When I was in the world of HIV/AIDS a guest from the National Association of People Living with AIDS (NAPWA) spoke to my graduate class about HIV/AIDS and organizational approaches to addressing and preventing its spread.  He said something that I’ll never forget, “HIV is the symptom of a larger problem.”  That statement rang out like a gong.  “What is the larger problem and how can we get to it?” I asked myself. In this past year, I have come to learn more than ever that institutional racism is the glue that holds many forms of oppression together and it feeds and fuels many ills in society.  Not just racism but power inequities and prejudice, which I would argue are the key components of racism.  But let’s go further.  Racism is not a matter of meanness but merely a disease that affects and infects many.  It’s so pervasive that many people don’t realize how they’ve been affected or infected by it.  It’s a disease of the body, mind, and soul and a lot of us are walking around like zombies, infected with it but not even aware. Some of us are aware and don’t care to change and some of us don’t want to know if we have it.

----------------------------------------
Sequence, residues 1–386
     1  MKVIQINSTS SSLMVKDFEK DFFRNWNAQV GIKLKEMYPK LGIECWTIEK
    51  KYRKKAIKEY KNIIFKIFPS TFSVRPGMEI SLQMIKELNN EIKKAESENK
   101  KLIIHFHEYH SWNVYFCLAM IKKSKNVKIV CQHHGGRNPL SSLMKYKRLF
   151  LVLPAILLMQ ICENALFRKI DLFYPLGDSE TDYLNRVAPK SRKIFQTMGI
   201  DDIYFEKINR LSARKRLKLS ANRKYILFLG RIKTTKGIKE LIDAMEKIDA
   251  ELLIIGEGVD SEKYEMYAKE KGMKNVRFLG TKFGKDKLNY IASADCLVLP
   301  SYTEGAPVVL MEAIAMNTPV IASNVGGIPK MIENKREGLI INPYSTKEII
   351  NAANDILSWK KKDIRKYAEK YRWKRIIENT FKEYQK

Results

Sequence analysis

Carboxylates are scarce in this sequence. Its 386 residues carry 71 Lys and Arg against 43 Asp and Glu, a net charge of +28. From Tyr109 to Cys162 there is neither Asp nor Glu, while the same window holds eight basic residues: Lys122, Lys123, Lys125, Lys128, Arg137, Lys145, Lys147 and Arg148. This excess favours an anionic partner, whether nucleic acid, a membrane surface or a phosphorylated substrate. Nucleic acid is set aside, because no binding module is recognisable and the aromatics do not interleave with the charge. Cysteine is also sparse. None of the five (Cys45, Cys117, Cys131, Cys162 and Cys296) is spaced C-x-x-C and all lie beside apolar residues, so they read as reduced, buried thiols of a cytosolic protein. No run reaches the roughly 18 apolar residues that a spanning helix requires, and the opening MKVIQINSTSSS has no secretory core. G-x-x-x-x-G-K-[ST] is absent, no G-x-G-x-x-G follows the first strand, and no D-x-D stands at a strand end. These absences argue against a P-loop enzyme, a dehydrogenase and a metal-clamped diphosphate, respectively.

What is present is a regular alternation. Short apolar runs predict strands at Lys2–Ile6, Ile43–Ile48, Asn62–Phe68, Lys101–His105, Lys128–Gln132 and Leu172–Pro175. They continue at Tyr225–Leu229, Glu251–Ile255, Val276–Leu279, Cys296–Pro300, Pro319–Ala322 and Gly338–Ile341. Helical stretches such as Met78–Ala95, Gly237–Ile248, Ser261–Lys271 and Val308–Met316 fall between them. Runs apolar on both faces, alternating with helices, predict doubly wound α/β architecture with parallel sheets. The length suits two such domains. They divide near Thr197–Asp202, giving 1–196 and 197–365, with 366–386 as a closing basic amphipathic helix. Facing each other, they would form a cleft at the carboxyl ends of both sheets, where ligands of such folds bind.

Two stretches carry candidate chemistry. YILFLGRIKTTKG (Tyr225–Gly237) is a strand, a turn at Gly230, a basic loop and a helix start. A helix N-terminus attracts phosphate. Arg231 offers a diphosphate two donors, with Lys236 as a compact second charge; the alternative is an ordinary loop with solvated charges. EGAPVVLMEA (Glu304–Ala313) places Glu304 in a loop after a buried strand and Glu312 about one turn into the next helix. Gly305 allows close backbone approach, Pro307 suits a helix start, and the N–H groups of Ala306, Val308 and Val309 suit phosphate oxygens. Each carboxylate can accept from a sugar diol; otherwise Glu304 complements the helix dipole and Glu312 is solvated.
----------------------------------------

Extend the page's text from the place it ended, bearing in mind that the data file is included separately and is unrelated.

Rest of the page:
After watching “Lee Daniels’ The Butler,” I realized that my job is to heal and fight for the soul of this nation and everyone infected by the sickness of racism.  There’s a reason why my life is taking this direction.  I had no idea that when I set out to find the cure for HIV that I would find myself staring racism and inequity in the face.  Now that I am I feel and sense things are coming together in a unique fashion.  What I enjoyed most about the film is that it portrayed African Americans not as archetypes and characters but as real people and humans with real joys and pains, not all of which are necessarily tied to race or injustice.  It is the American story, and if we could find a way to connect with one another within and despite our differences, then we’ll be able to begin the healing process.